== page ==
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 11 
 on: March 12, 2010, 04:16:46 AM 
Started by GODLOVEME - Last post by GODLOVEME
Show that |R2| = |R|. (Hint: replace R by {0, 1}N and construct a bijec-
tion by interleaving a pair of binary sequences to form a single sequence.)
please step by step

 12 
 on: February 24, 2010, 06:18:47 AM 
Started by KH_Global - Last post by KH_Global
Dear All,
              I have opened up a shop of storing fruit boxes. There is always fluctuating demand for the fruits and I am not able to keep the optimum level of stock. Somebody suggested me of applying the theory of probability to keep the appropriate leve of stock in my shop.

I welcome suggestion and recommendation from your side to solve this problem.


 13 
 on: February 21, 2010, 07:05:26 PM 
Started by John - Last post by webmaster
Check http://www.mathcs.org/analysis/reals/infinity/countble.html for sets and sequences that are countable yet contain intuitively "a lot" of numbers.

 14 
 on: February 21, 2010, 01:55:53 PM 
Started by John - Last post by John
How can a set be countable and dense, it would not have a one to one relation to the set of Natural Numbers?

I really really appreciate your help, friend.  Smiley

 15 
 on: February 21, 2010, 12:08:03 PM 
Started by John - Last post by webmaster
Perhaps it is not that bad. A sequence just means it must be a countable set so you are looking for a countable set that is 'dense', or in simpler terms kind of 'everywhere'. That might be a well known set, and since it is countable you can think of it as a sequence. If you find that set/sequence the rest might might not be too bad. Good luck!

 16 
 on: February 21, 2010, 10:45:26 AM 
Started by John - Last post by John
Who can think of a sequence X_n such that for every real number L there is a subsequence of X_n that converges to L?

So that sequence must have subsequences converging to every real number.... I stayed up all night trying to think of possible solutions, but this is out of my league I think now! Huh

 17 
 on: January 08, 2010, 12:53:17 AM 
Started by Saaqib - Last post by Saaqib
I am pursuing a PhD degree in Mathematics.Visually handicapped, I am unable to benefit much from the class lectures. I wish I could receive video lectures in English on all the core branches of Mathematics, notably Mathematical Analysis, Abstract Algebra, Differential Geometry, (Partial) Differential Equations, and more. Also, I would be extremely grateful if somebody could donate to me a selected range of books in good quality printing and in their latest editions on Analysis, Abstract Algebra, Differential Geometry, Differential Equations, and other major branches of Mathematics.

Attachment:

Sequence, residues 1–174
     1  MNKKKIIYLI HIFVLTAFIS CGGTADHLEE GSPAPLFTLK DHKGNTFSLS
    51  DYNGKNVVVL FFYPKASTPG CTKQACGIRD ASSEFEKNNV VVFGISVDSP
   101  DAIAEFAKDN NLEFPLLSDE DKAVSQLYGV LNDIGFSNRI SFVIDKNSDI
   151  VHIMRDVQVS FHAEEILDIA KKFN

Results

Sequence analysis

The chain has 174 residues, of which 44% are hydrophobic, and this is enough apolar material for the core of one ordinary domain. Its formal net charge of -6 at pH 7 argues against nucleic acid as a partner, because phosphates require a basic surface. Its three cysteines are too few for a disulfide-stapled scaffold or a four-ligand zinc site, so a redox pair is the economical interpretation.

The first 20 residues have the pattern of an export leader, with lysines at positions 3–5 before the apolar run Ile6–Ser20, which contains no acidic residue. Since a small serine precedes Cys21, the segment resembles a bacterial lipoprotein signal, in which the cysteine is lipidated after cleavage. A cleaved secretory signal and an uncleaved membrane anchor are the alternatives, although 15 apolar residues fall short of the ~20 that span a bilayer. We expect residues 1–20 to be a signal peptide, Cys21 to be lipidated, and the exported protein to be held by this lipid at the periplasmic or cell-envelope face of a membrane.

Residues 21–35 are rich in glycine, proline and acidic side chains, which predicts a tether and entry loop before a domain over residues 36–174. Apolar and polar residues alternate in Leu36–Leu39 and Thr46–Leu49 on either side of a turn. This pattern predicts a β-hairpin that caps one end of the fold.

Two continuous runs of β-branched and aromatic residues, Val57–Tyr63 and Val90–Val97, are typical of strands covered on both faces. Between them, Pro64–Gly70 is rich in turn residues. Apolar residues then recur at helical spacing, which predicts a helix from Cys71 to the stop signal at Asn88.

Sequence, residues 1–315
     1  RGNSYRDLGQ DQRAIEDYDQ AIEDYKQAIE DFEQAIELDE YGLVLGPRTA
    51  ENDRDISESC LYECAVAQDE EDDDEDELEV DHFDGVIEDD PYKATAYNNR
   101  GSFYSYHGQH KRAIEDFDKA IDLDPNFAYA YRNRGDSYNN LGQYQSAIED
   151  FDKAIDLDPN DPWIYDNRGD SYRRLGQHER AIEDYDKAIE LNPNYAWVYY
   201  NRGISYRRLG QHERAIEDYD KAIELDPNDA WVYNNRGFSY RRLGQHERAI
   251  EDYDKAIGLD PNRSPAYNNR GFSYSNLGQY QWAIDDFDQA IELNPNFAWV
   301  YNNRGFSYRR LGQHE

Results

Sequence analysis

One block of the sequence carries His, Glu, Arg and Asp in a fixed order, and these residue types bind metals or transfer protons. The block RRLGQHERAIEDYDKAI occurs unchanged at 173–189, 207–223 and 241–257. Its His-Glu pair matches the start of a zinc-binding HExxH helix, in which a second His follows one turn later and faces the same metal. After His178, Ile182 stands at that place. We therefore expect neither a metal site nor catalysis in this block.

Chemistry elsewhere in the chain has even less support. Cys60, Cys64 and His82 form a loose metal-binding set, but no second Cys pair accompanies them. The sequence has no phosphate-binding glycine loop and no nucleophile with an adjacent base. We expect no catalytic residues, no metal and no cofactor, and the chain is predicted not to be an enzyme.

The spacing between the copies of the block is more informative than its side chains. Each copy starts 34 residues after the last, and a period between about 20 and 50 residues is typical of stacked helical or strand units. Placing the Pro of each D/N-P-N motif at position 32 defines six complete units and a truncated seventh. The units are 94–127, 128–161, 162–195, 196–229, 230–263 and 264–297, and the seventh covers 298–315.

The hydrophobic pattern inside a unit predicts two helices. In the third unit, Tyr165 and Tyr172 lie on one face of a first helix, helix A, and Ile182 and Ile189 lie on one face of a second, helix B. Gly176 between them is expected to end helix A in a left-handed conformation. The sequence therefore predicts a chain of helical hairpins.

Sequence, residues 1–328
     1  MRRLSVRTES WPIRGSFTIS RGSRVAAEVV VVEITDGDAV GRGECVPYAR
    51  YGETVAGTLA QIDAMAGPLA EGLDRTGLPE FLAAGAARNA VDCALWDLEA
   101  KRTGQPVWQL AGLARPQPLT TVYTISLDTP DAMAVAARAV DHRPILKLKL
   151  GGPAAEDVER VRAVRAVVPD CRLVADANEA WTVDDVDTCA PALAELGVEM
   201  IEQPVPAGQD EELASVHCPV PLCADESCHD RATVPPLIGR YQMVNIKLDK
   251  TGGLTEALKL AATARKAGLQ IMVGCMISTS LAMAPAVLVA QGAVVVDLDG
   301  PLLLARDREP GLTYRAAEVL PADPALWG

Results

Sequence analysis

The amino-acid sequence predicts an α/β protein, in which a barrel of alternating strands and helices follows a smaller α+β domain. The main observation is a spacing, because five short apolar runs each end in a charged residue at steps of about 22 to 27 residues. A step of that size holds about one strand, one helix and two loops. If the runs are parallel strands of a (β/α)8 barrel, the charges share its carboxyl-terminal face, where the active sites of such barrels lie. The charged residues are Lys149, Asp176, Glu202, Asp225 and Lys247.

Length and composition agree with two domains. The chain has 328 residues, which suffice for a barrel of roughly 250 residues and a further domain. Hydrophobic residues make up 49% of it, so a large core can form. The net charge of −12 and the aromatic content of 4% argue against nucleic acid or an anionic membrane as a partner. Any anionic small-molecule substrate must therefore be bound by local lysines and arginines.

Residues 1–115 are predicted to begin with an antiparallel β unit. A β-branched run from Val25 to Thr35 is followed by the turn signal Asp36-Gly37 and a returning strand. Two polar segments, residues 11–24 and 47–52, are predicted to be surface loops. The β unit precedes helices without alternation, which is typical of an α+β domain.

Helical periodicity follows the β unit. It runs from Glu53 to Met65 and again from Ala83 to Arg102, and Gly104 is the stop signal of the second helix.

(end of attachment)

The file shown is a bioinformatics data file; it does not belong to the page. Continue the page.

My postal address is as follows:
Saaqib Mahmood,
Kund Malyaar, Muhallah Musa Zai,
Nawan Shehr, Abbottabad,
PAKISTAN
Phone: +92-346-9527638

 18 
 on: December 22, 2009, 03:38:21 PM 
Started by deepnorth - Last post by ste
The question is very vague, but it sounds like f(x) is defined on the real number line where its range is the two point set {-1,1}, so f: A -> B where A = {the real line} and B = {-1,1}.

If the set A has the usual topology associated with the real line then open sets are of the form (a,b) where a < b and closed sets are of the form [a,b] and [a,a], where the latter denotes the singleton set {a}. If the set B is equipped with the discrete topology, then every singleton in B is an open set i.e. {-1} and {1} are both open in B, which implies that {-1} and {1} are also both closed in B (because the complement of an open set is closed and the complement of a closed set is open). So in this case, the complement of {-1} in B is {1} and the complement of {1} in B is {-1}.

Let U be a subset of the interval (0, infinity). The image set, f(U), regardless of whether U is open or closed, is {1} which is both open and closed.

This is not a complete solution, but look over the finer details of the question again and see if it helps.

Ste.

 19 
 on: December 22, 2009, 02:20:30 PM 
Started by ste - Last post by ste
I managed to work it out.

f(w) is entire because exp(w) is not equal to 0 for any w in the complex plane, however, (z-1)f(z-1) is not analytic at z = 0. Because the point z = 0 lies inside of the specified contour, we investigate the nature of this singularity by computing the Taylor series of f(z-1) about the point 0 and introducing a factor of z-1 to each term. Looking at the first term of the Taylor series, we see that res{z-1f(z-1);0} = the residue of z-1f(z-1) at 0 = -cos(0) = -1
 
By Cauchy's residue theorem the value of the integral is equal to -2(pi)i(res{z-1f(z-1);0}) = 2(pi)i.

 20 
 on: December 18, 2009, 06:42:27 PM 
Started by ste - Last post by ste
Does anyone know how to integrate f(z-1)/z with respect to z over the clockwise oriented circle of radius 2, centred at the origin (of the complex plane), where f(w) = (w - cos(w))/exp(w) and z & w are complex numbers?

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